The Air Force does not plan to build any more bases in the Pacific, but will
maintain a significant presence in the region. During the Cold War era
"almost every CONUS unit" would rotate to Europe every 18 months to
two years and operate from there for stints, said Gen. Hawk Carlisle, head of
Pacific Air Forces. "The Air Force is turning to that in the
Pacific," he told reporters in Washington, D.C., on July 29. Carlisle said
the United States already is beefing up its Pacific presence with 12 rotating F-22s
at Kadena AB, Japan, and 24 F-16s in South Korea "on top" of what was
there before. The first overseas F-35 squadron also will be based in the
Pacific, likely Alaska, Japan, or South Korea, he said. In addition, the Air
Force will "maintain [its] capability in northeast Asia" while "increasingly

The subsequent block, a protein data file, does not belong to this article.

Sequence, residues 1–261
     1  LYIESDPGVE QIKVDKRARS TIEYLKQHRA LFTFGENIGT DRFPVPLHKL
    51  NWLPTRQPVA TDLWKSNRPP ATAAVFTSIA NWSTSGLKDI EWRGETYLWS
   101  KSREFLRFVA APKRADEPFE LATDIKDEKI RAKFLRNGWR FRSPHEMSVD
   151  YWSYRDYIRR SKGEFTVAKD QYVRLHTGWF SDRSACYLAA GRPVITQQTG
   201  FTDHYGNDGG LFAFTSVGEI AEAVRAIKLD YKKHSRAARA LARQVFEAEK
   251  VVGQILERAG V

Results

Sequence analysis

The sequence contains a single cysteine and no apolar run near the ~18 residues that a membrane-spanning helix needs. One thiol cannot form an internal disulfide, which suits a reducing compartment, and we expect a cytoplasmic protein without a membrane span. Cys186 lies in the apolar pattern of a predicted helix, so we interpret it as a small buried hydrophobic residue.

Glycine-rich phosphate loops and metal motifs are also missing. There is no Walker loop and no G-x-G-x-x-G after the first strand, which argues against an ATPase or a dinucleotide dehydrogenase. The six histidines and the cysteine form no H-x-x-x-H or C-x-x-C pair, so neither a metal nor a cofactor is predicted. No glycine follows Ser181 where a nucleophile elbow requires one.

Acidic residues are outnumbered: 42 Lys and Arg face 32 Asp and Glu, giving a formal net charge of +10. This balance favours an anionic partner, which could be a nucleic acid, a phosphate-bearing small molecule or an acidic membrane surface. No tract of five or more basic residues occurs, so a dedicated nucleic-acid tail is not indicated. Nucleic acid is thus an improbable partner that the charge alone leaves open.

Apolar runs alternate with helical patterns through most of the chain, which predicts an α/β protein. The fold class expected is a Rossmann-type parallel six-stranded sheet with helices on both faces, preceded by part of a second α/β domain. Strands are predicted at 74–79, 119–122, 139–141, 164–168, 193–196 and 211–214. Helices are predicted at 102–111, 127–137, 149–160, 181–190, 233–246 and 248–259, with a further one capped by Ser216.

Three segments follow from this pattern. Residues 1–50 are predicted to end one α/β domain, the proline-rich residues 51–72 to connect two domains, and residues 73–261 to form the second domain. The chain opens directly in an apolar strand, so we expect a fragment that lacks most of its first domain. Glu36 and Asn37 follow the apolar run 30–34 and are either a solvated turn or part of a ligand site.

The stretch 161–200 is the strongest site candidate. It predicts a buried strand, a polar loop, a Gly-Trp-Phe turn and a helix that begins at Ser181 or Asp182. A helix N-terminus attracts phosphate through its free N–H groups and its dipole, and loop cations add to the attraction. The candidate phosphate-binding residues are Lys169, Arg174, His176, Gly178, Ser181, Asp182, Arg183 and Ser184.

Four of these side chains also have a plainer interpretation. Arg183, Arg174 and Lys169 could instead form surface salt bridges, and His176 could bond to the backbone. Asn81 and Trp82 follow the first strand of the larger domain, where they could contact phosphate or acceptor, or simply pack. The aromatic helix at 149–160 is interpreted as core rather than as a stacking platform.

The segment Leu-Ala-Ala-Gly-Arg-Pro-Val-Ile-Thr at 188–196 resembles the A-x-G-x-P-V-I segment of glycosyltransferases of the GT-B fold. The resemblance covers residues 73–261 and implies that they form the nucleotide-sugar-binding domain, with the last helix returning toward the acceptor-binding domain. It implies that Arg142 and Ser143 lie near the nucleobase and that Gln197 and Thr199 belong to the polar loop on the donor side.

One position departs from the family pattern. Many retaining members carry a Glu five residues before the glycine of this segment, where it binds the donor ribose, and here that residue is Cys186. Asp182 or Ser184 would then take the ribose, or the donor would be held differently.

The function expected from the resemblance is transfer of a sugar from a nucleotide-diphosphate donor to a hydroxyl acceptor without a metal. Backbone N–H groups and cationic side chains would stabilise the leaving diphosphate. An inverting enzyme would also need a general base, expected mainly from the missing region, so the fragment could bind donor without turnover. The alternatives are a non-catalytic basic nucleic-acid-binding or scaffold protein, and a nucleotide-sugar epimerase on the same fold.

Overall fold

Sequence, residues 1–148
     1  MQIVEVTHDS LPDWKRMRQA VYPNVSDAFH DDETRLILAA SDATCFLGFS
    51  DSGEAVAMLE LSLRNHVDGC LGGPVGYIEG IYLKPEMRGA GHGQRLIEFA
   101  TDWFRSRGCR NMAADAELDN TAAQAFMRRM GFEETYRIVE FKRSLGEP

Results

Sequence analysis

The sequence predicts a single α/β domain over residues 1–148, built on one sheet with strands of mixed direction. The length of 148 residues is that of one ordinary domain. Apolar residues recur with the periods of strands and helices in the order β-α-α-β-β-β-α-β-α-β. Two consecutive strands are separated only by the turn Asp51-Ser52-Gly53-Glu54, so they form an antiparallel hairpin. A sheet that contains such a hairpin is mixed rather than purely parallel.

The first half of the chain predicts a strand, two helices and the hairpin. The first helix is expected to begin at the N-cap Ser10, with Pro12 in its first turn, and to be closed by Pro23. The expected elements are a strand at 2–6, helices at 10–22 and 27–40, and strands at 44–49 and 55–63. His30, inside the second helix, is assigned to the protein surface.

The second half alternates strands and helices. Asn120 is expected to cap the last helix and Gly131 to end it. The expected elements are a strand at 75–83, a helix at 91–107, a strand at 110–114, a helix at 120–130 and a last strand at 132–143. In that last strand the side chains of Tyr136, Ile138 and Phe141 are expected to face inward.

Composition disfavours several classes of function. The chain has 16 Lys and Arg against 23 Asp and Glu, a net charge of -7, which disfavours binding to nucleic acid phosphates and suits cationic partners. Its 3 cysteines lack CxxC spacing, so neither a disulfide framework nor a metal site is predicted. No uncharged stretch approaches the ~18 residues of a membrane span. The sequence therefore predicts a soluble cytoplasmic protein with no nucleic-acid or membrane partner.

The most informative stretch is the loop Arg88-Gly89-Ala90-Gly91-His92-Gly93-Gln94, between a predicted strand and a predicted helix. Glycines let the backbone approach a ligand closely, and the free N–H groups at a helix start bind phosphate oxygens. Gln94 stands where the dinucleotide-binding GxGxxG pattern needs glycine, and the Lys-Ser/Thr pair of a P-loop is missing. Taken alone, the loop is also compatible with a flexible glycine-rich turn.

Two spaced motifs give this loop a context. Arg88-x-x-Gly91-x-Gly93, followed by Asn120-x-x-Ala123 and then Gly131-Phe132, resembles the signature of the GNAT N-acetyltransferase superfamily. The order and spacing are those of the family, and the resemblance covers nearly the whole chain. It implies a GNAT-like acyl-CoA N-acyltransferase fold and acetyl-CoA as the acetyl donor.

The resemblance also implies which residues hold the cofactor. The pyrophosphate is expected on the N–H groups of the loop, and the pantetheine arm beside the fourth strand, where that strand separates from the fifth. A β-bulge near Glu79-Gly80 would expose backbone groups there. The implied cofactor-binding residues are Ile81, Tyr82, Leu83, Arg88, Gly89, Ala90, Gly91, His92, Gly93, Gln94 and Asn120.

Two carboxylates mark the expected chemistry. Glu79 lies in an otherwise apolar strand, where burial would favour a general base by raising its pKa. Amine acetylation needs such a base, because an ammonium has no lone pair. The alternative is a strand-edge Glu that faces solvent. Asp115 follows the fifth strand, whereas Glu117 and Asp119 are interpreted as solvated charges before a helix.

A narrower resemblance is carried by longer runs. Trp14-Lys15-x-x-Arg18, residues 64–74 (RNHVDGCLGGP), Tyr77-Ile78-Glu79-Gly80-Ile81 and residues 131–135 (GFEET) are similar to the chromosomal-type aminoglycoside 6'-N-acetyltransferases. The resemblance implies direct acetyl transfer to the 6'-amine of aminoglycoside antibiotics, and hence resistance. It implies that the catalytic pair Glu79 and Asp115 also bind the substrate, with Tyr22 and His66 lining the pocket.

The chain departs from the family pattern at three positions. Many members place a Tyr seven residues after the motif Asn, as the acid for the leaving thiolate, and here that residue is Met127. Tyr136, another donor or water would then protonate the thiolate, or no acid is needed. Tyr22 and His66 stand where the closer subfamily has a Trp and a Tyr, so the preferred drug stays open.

moving south and west with the rotational presence" in places such as India,
Indonesia, Malaysia, the Philippines, Singapore, and Thailand, he said.
"The term we use often is 'places not bases,'" said Carlisle. (For
more coverage of Carlisle's roundtable, read Lightning
Round and Airmen
In More Depth
|Gates Versus the Air Force
In his book, “Duty: Memoirs of a Secretary at War,” former Defense Secretary Robert Gates describes the Air Force as “one of my biggest headaches”—a perception USAF leaders were never able to turn around during his tenure.
A Systemic Problem
Air Force Secretary Deborah James acknowledged the Air Force does “have a systemic problem” within its nuclear forces, though she said she is confident the mission itself remains strong.
The A-12, Settled At Last
After a 23-year seesaw legal battle in which both sides were at some point “up” by more than a billion dollars, the Navy and its A-12 contractors have put the A-12 controversy to rest with a settlement.